A giant leap forward in disability inclusion took place on Parabolic Flight this month.
AstroAccess made its first official flight space The project conducted a research flight on December 15th, and announced that 14 ambassadors with disabilities boarded the zero-gravity plane. Participants flew science projects grouped by several crew focuses called Blind, Mobility, Def, and Hard of Hearing.
“AstroAccess proves that one day everyone will have access to space,” he said. (opens in new tab) Space entrepreneur and Space for Humanity founder Dylan Taylor will orbit in 2021 aboard the Blue Origin New Shepherd system. Taylor sponsored the flight, along with AstroAccess co-founder George Whitesides (former CEO of Virgin Galactic) and winemaker and angel investor Amy Dornbusch.
Related: Ambassador of the disabled succeeds in weightless flight
Participants used “Zero-G” (opens in new tab)The mission flew 18 parabolas from an altitude of 25,000 feet (7,620 meters). The mission took off and landed at Houston’s Ellington Airport near NASA’s Johnson Space Center, where astronauts train in the United States.
“There is still work to be done to make space accessible to everyone, but the success of this historic parabolic flight and the selection of John McFaul by ESA shows a strong move in the right direction. ‘ said Anna Voelker, Executive Director of AstroAccess, in the same statement.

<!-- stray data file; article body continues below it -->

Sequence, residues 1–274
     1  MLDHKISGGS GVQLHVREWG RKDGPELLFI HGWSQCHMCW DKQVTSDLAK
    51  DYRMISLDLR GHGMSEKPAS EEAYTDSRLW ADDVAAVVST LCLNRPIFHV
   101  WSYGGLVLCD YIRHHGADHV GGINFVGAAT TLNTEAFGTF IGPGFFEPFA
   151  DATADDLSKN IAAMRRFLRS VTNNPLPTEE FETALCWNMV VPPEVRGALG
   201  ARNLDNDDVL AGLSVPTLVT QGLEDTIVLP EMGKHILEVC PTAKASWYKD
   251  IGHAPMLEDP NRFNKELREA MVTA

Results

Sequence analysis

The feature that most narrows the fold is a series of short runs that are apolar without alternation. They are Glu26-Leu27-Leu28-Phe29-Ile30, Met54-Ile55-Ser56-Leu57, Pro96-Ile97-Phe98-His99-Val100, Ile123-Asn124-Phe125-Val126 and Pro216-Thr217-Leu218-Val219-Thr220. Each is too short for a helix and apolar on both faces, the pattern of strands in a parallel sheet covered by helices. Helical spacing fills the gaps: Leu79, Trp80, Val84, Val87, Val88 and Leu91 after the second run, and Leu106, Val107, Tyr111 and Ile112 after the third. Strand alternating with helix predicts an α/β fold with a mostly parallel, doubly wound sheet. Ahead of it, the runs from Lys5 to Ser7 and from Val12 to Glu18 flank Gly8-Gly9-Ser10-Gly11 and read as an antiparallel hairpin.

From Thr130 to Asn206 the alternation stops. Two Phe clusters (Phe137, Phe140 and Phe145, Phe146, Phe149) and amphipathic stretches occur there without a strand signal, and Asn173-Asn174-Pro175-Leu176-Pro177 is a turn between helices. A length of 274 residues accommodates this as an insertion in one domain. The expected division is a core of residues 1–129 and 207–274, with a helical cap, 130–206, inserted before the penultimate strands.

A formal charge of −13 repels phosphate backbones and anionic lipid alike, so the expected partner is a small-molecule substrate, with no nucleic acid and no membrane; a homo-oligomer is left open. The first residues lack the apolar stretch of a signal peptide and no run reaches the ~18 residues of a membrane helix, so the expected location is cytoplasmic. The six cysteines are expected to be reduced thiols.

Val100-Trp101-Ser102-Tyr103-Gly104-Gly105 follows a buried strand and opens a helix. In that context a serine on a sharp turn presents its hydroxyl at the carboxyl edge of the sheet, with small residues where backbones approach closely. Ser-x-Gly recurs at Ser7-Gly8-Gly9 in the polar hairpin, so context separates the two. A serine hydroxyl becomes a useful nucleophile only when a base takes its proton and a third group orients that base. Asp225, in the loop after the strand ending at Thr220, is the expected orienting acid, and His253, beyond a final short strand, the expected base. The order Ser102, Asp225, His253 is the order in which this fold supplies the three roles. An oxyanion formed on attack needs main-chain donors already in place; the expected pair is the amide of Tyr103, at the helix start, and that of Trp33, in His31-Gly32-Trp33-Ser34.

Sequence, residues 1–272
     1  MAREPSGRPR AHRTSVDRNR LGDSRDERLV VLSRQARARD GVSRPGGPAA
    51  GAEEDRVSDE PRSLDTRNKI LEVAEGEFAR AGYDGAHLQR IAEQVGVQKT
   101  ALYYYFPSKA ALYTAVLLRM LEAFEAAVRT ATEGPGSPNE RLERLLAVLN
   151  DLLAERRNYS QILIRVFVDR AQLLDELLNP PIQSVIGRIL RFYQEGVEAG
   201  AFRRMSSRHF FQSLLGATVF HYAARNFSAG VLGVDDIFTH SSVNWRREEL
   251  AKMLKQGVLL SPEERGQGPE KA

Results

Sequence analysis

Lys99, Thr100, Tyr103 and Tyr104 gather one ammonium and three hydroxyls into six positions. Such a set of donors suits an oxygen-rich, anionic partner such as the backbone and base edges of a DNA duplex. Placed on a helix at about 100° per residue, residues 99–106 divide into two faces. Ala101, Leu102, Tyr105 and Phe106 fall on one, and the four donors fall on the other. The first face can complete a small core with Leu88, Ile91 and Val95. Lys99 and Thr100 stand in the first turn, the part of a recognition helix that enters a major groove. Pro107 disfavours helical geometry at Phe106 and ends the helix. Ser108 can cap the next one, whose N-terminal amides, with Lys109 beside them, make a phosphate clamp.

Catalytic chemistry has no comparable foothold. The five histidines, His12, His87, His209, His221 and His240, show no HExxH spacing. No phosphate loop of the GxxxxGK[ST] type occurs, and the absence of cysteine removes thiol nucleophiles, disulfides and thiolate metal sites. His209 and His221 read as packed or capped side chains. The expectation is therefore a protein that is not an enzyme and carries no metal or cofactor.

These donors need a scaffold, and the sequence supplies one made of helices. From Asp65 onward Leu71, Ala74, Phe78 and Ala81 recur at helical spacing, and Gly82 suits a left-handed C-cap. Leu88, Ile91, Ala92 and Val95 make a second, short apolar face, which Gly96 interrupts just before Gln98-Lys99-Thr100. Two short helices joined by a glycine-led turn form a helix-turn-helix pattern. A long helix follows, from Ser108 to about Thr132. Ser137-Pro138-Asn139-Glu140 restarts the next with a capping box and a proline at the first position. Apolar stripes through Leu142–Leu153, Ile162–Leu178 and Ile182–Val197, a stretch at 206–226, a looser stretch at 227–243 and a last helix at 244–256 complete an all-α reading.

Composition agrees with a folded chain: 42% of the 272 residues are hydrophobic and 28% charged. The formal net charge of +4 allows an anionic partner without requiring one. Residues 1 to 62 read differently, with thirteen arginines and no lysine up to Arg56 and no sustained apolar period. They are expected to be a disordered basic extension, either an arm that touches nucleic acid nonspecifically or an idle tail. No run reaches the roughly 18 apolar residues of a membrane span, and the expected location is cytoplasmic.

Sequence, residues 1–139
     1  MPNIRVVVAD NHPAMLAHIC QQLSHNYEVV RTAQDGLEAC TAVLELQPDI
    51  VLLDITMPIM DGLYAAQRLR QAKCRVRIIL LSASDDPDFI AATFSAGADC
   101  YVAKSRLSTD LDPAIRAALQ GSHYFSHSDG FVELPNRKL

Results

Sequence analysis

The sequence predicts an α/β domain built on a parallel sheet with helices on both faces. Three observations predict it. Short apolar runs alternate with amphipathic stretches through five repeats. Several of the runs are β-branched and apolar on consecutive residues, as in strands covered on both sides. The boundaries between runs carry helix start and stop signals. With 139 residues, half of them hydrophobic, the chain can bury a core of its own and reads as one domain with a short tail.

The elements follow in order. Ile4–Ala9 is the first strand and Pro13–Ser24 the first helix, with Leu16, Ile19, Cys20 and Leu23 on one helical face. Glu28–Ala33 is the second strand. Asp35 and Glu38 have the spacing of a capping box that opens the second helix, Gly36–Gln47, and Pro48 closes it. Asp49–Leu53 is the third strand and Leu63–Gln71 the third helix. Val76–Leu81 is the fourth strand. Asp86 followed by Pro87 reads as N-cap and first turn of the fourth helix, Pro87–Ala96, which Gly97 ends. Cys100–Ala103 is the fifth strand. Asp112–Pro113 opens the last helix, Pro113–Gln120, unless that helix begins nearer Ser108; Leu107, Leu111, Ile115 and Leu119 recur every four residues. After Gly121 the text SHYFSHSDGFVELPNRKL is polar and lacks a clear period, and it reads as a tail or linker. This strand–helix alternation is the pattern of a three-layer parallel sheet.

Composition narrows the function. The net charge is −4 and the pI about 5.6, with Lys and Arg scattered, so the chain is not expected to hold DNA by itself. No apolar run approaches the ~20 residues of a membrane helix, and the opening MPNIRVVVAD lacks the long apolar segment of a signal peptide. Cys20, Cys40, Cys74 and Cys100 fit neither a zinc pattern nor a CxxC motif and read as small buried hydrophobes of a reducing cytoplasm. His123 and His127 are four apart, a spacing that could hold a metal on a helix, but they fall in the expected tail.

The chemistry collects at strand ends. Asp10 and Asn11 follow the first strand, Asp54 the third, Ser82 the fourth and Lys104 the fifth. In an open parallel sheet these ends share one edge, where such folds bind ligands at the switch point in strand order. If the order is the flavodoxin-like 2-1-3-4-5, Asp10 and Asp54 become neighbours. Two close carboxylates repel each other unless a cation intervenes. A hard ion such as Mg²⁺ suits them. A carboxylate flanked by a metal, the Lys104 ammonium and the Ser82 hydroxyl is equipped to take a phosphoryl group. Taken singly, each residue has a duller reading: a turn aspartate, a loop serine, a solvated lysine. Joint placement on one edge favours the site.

AstroAccess flew two fewer than expected (originally expected 16 attendees) and about a week behind schedule, but the press release explained why the flight change was made. did not disclose. The Dec. 15 flight was his second dedicated flight for the organization after providing opportunities for adults with disabilities living in the United States in 2021.
According to AstroAccess, the experiments conducted by the crew included:
- Blind Crew tested tactile graphics on cabin walls to help both blind and sighted crew members stay oriented and find emergency equipment in an emergency.
- Blind and mobility crews have also demonstrated that a disabled person can self-board a launch seat and safely secure a 5-point seat harness.
- In collaboration with Sony and SonicCloud, Hard-of-Hearing and Blind Crews demonstrated a system that uses Sony headphones and SonicCloud’s software to improve speech understanding and tailor audio to your hearing ability.
- The deaf crew continued work on a linguistics study of the intelligibility of American Sign Language (ASL) in zero gravity, following another parabolic flight and scuba diving experiment study.
The flight will help more people with disabilities join space, such as Hayley Arceneaux’s privately funded SpaceX Inspiration4 flight last year and the European Space Agency’s (ESA) selection of Paralympic trauma surgeon John McFall in November. It is done when you are starting to
Elizabeth Howell is co-author ofwhy am i tall (opens in new tab)?” (ECW Press, 2022, co-authored with Canadian astronaut Dave Williams), a book on space medicine. Follow her on Twitter. @Howell Space (opens in new tab)Follow us on Twitter @space.com (opens in new tab) Also Facebook (opens in new tab).